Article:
1. My husband is a direct descendant of a John Garard and his wife Mehetible Haugen. This is obviously not the same Garrard family because he predates this family by many years. This John came to VA from PA. He was married a second time to Mary Gray/Snodgrass after 1780. He was born about 1720 and married Mehetable about 1740. He had eleven children by Mehetable and three by Mary. He was a minister and first settled in Frederick County VA. His son Justus was born in 1755 in VA. Justus married Rachel Corbly in 1773 in Washington County PA. They lived and died in Garards Fort PA. I think the family originated in France.

    1. My Dad has a book on the Garrard family (we are relatives) . Send me some contact info on Facebook (Cathi Kise Blair) and we can see about getting you some photocopies of the book!

  3. I live in Lawrence county. I heard that the former owner of this home Dr. Burgess Had written a book(s) of poetry. I would love to get a copy of some of his work. Does anyone have any idea where I could get a copy?

  4. Sad to hear it is gone if what you are saying is true. I recently found out that David & Jane were my 7th great grandparents. Do you know what is on the property now?

  5. Everything is gone now except for the graves! So sad to drive by and see the old house gone even if it was in shambles. Always looked for it on our way to Huntington, WV, and so glad that I asked my husband to pull off the road one day so that I could photograph it! Roads have been black topped throughout the property. Looks like it could possibly be a cemetery, or a subdivision if the graves were relocated.

    1. Hi, just read your inquiry and the property of Dr. Burgess is in the process of becoming a Cemetery and beautiful mausoleum by new owner
      Jim Booth. I stopped there Sunday and spoke with the workmen using all the beautiful stone from the house. How great is that?
      Dr. Burgess was a close friend of my Mother and Aunt Anne Mallory. He wrote lots of poetry about the plantation. Also, Dr. Burgess was
      always in love with my Aunt Anne. If you have his book, you will see her name through-out the poetry.
      I’m from Pike County, Ky. and still drive down from Columbus,Oh where I live. I still own my parents family home near Pikeville. Get there 3 or 4 times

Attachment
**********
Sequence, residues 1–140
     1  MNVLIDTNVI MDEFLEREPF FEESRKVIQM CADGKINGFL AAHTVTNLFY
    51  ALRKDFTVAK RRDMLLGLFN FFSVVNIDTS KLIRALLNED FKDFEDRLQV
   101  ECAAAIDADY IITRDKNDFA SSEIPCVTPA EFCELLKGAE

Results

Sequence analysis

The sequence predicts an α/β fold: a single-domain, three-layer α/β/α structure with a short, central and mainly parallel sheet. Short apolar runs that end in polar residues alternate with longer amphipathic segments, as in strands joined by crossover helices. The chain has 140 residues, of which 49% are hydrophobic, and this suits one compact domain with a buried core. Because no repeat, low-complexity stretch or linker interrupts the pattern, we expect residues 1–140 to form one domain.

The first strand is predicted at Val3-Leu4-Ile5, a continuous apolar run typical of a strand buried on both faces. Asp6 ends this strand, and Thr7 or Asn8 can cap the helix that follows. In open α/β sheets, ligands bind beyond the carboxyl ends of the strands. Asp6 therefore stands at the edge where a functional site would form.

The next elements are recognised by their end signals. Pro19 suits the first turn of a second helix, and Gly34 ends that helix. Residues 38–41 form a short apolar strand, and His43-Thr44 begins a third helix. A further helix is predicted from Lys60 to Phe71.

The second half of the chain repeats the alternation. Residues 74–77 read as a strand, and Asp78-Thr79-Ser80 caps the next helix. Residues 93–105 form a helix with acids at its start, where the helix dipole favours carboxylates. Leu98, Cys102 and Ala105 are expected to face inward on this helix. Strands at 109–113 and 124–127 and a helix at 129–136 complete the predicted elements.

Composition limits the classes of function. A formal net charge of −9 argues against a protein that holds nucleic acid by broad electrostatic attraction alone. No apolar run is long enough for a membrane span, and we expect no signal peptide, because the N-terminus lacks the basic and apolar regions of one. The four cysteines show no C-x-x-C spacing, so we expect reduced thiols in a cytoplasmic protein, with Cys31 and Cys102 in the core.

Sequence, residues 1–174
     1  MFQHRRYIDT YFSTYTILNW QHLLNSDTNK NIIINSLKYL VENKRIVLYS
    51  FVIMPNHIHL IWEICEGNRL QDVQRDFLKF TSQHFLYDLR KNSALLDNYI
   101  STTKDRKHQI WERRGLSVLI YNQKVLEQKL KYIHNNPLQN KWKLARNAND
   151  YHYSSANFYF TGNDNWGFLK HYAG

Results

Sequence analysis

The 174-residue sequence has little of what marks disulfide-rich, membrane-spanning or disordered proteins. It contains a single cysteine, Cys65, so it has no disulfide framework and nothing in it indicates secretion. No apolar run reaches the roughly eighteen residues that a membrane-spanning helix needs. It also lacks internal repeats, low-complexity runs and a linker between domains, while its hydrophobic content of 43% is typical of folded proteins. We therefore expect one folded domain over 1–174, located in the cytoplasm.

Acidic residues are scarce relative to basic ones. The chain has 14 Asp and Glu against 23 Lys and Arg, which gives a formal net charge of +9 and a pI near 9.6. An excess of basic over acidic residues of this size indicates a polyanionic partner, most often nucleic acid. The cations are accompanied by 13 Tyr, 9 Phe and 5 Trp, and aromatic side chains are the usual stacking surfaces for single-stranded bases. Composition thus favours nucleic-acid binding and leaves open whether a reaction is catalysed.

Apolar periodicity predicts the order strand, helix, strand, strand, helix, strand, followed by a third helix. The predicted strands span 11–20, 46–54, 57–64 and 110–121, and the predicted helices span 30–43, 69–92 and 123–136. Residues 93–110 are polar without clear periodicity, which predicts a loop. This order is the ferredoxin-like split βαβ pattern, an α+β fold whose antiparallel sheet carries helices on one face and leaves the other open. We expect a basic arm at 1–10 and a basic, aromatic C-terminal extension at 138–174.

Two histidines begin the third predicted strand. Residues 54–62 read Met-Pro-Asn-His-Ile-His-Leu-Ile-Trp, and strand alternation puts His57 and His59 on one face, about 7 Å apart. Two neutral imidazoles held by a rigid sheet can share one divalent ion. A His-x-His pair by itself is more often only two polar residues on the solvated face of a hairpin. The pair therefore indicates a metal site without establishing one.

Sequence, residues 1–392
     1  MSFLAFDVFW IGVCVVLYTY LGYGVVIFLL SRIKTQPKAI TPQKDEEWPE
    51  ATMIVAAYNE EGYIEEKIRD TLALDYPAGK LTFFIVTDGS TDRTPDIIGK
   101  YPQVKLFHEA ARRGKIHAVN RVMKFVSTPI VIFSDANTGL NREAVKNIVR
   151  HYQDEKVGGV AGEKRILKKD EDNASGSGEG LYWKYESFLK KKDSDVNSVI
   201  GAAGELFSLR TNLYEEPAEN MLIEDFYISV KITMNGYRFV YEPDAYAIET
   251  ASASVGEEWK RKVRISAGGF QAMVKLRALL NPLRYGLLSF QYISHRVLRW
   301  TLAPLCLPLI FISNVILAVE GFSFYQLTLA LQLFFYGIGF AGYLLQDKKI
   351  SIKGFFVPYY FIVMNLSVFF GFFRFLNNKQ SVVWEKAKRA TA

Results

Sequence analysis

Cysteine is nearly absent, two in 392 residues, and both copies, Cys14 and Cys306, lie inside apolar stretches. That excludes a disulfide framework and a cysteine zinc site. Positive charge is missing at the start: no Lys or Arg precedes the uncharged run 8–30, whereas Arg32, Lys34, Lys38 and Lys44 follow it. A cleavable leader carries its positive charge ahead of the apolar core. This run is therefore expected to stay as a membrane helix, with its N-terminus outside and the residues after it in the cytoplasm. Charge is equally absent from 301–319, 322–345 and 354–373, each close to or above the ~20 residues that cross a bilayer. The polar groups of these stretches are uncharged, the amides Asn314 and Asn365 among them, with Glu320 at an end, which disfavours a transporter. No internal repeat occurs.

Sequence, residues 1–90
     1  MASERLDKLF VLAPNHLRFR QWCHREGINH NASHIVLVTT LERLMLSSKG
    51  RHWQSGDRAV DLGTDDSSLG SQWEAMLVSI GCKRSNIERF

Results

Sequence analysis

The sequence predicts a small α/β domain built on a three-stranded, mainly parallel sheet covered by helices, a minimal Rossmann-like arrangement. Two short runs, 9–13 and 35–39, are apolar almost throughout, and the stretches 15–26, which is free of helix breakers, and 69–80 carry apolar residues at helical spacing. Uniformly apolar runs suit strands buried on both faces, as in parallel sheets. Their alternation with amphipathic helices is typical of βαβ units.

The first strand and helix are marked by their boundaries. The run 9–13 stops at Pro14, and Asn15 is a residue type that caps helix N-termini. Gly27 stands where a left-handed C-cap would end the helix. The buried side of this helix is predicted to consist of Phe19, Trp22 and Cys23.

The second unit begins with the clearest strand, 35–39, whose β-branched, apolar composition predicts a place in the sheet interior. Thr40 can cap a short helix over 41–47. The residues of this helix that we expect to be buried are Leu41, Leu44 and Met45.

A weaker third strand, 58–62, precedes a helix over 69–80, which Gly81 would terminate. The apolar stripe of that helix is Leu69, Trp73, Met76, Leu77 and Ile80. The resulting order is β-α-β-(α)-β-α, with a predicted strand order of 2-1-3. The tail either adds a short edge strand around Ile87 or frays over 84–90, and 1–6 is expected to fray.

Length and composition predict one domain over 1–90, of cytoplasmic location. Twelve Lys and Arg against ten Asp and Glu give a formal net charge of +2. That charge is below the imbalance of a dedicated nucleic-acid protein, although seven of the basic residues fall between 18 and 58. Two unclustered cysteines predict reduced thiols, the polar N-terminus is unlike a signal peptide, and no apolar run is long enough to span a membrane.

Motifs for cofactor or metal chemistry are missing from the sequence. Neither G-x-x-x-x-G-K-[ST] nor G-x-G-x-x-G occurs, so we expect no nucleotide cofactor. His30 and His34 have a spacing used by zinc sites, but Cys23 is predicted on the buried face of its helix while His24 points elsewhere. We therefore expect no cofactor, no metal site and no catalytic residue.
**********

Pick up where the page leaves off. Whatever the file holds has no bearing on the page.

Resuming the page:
yearly.

      Since there is a “family cemetery” in back of the house, I’m sure Dr. Burgess is now buried there. That eases my mind. He was a great and kind man.

      Ruby Olson 614 755 2181

  6. I'm curious as to the headstones on the graves that are there. Will they be "relocating" them or leaving them in tact? There are 5, I think. The male (father) died on the same month & day of my birth. His wife, Lydia, is the name of my first born child. And a son, Dean, is the name of my mother. How's that for a coincidence? I think something more and would love to know the last name of that family so I can do research. Does anyone know the name or where I could find it? Would pay to have photos of the graves taken! Thanks for any replies, if they follow. 🙂 law1169@yahoo.com

  7. I grew up in Lawrence County and I my family history extends back to the early days of Kentucky. I have been by this house numerous times and wondered what it's fate would be. I am so glad to hear that it is being restored. I have traveled overseas and marvelled at stately old buildings still in use and wondered why we here in the US are in such a rush to tear down and build something new but not necesarily better.

    There have been numerous rumors as to Mr. Booth's intent when he bought the land. I, and many others are looking forward to seeing the property restored.

    1. I agree. Was at that house many yrs ago & someone had stolen the mantle from the fireplace and trashed the house. There was the old medical supplies from the Dr. (His exam table, etc), receipts from where he'd been paid pennies for gas rights, old clothing, etc. Am pleased it's not being destroyed. What happened to the Dr.? Has anyone reported on that?